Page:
delight people because they imaginatively picture man's conquest of the forces of nature,
and the best myths possess "eternal charm", as Marx put it; but myths are not
built out of the concrete contradictions existing in given conditions and therefore are
not a scientific reflection of reality. That is to say, in myths or nursery tales the
aspects constituting a contradiction have only an imaginary identity, not a concrete
identity. The scientific reflection of the identity in real transformations is Marxist
Why can an egg but not a stone be transformed into a chicken? Why is there identity
between war and peace and none between war and a stone? Why can human beings give birth
only to human beings and not to anything else? The sole reason is that the identity of
opposites exists only in necessary given conditions. Without these necessary given
conditions there can be no identity whatsoever.
Why is it that in Russia in 1917 the bourgeois-democratic February Revolution was
directly linked with the proletarian socialist October Revolution, while in France the
bourgeois revolution was not directly linked with a socialist revolution and the Paris
Commune of 1871 ended in failure? Why is it, on the other hand, that the nomadic system of
Mongolia and Central Asia has been directly linked with socialism? Why is it that the
Chinese revolution can avoid a capitalist future and be directly linked with socialism
without taking the old historical road of the Western countries, without passing through a
period of bourgeois dictatorship? The sole reason is the concrete conditions of the time.
When certain necessary conditions are present, certain contradictions arise in the process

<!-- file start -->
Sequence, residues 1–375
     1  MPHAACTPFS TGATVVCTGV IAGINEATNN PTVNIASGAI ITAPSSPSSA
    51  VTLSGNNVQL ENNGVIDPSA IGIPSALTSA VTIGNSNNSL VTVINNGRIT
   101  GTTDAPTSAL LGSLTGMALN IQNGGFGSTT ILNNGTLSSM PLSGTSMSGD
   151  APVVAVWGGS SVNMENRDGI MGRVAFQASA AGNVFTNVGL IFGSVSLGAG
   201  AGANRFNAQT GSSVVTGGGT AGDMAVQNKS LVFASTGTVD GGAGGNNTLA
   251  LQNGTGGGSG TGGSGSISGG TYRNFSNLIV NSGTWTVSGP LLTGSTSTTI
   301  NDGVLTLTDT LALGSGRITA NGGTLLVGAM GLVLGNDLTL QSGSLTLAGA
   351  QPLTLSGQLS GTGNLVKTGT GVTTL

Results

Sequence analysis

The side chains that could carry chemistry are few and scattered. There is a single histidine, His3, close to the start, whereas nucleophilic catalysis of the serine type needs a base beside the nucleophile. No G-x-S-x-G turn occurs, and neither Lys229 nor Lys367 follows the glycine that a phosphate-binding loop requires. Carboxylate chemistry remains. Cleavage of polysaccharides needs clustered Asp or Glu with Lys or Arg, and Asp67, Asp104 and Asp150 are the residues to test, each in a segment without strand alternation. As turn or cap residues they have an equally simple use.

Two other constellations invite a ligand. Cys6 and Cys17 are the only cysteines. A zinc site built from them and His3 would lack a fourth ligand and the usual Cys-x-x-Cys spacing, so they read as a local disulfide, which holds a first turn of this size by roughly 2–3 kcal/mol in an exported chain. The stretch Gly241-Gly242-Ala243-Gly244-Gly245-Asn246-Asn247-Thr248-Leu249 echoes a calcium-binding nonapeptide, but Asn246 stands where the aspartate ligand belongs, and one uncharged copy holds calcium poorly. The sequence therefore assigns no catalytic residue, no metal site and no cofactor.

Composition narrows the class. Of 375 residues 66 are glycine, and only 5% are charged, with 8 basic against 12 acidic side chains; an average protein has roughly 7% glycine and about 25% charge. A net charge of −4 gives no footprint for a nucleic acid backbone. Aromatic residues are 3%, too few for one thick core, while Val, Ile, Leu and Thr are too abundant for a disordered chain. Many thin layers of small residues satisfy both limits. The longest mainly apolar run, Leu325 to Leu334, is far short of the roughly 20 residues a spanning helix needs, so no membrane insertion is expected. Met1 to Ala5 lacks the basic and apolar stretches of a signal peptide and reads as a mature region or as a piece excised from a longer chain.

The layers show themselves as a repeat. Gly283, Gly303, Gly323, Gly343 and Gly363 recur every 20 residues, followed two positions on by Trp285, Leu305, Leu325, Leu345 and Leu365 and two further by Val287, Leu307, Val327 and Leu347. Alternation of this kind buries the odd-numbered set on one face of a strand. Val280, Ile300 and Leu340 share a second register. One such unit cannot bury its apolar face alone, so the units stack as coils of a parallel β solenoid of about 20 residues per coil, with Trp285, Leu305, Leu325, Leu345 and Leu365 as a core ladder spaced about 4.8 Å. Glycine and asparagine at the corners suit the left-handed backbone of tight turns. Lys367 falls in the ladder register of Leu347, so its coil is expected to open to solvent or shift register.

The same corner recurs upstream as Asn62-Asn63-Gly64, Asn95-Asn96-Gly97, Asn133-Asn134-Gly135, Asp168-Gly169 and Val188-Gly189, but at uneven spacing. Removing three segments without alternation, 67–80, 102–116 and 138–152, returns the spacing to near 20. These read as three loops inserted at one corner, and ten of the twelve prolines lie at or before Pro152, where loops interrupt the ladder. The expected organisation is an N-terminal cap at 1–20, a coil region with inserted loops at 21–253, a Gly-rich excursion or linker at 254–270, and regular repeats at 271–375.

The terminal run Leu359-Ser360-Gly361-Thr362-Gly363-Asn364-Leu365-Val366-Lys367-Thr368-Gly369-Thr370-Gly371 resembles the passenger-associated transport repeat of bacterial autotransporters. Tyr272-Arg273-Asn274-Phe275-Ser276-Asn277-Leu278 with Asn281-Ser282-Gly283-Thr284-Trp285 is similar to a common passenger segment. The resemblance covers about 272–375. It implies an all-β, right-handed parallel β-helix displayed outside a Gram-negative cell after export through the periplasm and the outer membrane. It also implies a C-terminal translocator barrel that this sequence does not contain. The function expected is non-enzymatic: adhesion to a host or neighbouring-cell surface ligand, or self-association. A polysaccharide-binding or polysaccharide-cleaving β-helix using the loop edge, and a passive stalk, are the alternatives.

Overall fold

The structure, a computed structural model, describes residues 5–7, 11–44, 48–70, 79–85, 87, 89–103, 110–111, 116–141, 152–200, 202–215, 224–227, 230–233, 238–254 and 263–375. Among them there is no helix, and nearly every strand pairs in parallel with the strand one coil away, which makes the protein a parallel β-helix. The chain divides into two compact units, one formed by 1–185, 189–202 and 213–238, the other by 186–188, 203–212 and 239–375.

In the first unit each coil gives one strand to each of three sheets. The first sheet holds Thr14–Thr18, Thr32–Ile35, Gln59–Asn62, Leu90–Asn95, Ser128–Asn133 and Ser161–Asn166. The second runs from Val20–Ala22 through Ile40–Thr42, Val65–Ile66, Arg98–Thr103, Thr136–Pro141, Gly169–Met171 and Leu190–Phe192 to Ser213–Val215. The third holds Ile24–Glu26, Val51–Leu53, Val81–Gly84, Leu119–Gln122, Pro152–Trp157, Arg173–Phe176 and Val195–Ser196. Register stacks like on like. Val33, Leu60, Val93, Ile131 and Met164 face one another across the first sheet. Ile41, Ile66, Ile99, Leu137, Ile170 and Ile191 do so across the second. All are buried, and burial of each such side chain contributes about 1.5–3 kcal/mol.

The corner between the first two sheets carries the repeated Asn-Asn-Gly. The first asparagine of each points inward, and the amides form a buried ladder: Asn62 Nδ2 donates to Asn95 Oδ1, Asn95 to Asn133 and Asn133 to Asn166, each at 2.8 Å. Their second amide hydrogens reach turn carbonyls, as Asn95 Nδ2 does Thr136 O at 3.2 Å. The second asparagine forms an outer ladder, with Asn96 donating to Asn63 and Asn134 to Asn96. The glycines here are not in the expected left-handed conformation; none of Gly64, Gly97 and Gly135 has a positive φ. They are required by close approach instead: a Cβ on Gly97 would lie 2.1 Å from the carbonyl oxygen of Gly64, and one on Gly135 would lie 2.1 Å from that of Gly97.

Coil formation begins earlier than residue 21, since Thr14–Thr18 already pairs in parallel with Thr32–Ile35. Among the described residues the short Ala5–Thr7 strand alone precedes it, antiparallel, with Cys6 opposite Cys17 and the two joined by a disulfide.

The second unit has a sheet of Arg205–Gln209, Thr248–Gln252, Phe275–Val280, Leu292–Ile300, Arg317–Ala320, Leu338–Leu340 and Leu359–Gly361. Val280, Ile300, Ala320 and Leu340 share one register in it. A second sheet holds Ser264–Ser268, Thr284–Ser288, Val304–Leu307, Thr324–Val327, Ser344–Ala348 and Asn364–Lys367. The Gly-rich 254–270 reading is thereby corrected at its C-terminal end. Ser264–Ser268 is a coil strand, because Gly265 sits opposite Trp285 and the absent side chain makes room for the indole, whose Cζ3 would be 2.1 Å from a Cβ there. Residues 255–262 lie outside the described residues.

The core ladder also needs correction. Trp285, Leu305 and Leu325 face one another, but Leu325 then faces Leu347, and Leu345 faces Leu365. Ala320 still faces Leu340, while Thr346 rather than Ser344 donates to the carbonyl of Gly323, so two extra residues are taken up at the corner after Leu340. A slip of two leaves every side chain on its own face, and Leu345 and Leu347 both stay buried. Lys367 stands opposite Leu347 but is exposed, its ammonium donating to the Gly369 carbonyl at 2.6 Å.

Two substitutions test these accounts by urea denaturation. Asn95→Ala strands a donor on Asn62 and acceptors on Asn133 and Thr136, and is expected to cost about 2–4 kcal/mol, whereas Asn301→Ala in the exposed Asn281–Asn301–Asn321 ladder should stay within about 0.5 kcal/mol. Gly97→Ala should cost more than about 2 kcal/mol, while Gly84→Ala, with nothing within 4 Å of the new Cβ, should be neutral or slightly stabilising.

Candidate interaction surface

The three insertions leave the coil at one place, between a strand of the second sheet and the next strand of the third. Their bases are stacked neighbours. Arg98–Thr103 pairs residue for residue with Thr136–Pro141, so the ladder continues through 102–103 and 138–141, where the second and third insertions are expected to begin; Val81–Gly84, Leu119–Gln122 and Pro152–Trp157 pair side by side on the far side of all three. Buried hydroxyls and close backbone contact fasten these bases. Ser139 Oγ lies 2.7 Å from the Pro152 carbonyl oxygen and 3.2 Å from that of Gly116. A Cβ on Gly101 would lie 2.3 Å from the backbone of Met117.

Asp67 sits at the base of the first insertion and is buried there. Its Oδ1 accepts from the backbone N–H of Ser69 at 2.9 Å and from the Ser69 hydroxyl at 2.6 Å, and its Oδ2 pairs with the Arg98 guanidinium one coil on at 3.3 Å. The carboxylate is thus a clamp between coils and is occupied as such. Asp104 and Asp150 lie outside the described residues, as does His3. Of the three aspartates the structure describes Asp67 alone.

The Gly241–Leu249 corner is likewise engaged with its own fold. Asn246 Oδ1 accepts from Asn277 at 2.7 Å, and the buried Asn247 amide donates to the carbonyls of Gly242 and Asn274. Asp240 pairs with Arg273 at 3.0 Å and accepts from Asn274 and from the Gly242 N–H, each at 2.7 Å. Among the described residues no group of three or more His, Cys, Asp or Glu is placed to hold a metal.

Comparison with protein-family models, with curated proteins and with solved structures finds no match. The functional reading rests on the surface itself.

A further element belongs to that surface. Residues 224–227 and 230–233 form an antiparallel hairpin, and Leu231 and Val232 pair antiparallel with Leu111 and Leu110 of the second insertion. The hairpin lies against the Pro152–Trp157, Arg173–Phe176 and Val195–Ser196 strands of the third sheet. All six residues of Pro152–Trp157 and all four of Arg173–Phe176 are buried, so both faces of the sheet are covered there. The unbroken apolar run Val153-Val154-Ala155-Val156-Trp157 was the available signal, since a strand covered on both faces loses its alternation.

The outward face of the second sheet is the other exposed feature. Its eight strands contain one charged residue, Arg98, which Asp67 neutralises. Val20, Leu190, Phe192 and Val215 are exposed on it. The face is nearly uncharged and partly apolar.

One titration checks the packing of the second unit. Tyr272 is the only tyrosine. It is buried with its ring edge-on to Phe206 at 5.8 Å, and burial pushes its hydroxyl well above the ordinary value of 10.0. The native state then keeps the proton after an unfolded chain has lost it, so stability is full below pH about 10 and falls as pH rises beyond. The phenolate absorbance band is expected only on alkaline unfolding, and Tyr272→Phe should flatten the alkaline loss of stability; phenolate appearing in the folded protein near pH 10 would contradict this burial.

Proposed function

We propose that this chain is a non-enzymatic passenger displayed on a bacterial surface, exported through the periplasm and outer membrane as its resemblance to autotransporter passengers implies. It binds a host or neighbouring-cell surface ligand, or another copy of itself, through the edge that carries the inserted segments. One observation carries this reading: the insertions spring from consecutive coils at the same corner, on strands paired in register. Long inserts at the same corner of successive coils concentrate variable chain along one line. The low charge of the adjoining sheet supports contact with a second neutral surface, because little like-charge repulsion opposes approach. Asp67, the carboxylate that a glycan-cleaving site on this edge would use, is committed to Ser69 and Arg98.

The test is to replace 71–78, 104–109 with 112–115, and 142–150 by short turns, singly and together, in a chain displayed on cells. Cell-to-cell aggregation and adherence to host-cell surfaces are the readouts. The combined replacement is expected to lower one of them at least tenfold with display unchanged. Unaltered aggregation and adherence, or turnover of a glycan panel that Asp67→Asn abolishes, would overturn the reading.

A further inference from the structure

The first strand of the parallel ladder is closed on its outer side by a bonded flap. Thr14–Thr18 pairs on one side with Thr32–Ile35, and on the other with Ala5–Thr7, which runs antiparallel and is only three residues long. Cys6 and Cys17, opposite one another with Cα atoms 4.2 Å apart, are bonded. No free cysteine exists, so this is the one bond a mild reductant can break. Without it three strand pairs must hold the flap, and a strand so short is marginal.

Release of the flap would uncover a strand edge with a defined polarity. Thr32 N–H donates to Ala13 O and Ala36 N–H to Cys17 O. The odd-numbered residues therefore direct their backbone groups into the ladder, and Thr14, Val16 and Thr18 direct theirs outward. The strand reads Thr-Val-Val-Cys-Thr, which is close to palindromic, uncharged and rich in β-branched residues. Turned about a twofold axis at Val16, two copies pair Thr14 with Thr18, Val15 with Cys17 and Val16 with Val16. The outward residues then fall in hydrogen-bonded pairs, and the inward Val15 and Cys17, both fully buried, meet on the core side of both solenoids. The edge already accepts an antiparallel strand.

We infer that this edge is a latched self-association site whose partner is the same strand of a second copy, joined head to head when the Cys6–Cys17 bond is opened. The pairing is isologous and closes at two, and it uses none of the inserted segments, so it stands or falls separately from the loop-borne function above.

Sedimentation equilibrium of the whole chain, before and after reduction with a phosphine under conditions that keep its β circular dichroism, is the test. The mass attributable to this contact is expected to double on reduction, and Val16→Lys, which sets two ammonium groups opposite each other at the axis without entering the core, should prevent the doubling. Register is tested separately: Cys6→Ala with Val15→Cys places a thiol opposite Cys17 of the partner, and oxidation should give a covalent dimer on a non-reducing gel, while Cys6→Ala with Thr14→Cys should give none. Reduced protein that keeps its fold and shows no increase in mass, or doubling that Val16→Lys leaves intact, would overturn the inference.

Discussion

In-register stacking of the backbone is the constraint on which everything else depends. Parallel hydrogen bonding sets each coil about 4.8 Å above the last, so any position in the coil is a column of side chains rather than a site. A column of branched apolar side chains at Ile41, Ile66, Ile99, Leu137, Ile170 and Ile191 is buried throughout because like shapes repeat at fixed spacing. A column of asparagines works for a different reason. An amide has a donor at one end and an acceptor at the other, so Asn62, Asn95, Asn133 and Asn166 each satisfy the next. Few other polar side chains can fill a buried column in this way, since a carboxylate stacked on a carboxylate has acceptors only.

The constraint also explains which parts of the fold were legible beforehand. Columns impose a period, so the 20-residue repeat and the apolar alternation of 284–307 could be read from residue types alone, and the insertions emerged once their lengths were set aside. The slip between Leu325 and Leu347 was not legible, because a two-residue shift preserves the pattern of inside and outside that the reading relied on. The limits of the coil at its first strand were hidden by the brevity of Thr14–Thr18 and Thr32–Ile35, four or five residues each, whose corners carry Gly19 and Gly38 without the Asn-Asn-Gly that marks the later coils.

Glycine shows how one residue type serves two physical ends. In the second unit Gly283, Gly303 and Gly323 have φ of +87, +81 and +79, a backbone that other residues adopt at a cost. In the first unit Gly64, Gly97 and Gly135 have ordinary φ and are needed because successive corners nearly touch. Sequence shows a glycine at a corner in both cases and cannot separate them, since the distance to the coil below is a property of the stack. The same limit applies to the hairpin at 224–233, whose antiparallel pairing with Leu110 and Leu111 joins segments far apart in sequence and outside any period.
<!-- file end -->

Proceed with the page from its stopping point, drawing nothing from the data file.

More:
of development of things and, moreover, the opposites contained in them are interdependent
and become transformed into one another; otherwise none of this would be possible.
Such is the problem of identity. What then is struggle? And what is the relation
between identity and struggle?
- The unity (coincidence, identity, equal action) of opposites is conditional, temporary,
transitory, relative. The struggle of mutually exclusive opposites is absolute, just as
development and motion are absolute. 
What does this passage mean?
All processes have a beginning and an end, all processes transform themselves into
their opposites. The constancy of all processes is relative, but the mutability manifested
in the transformation of one process into another is absolute.
There are two states of motion in all things, that of relative rest and that of
conspicuous change. Both are caused by the struggle between the two contradictory elements
contained in a thing. When the thing is in the first state of motion, it is undergoing
only quantitative and not qualitative change and consequently presents the outward
appearance of being at rest. When the thing is in the second state of motion, the
quantitative change of the first state has already reached a culminating point and gives
rise to the dissolution of the thing as an entity and thereupon a qualitative change
ensues, hence the appearance of a conspicuous change. Such unity, solidarity, combination,
harmony, balance, stalemate, deadlock, rest, constancy, equilibrium, solidity, attraction,
etc., as we see in daily life, are all the appearances of things in the state of
quantitative change. On the other hand, the dissolution of unity, that is, the destruction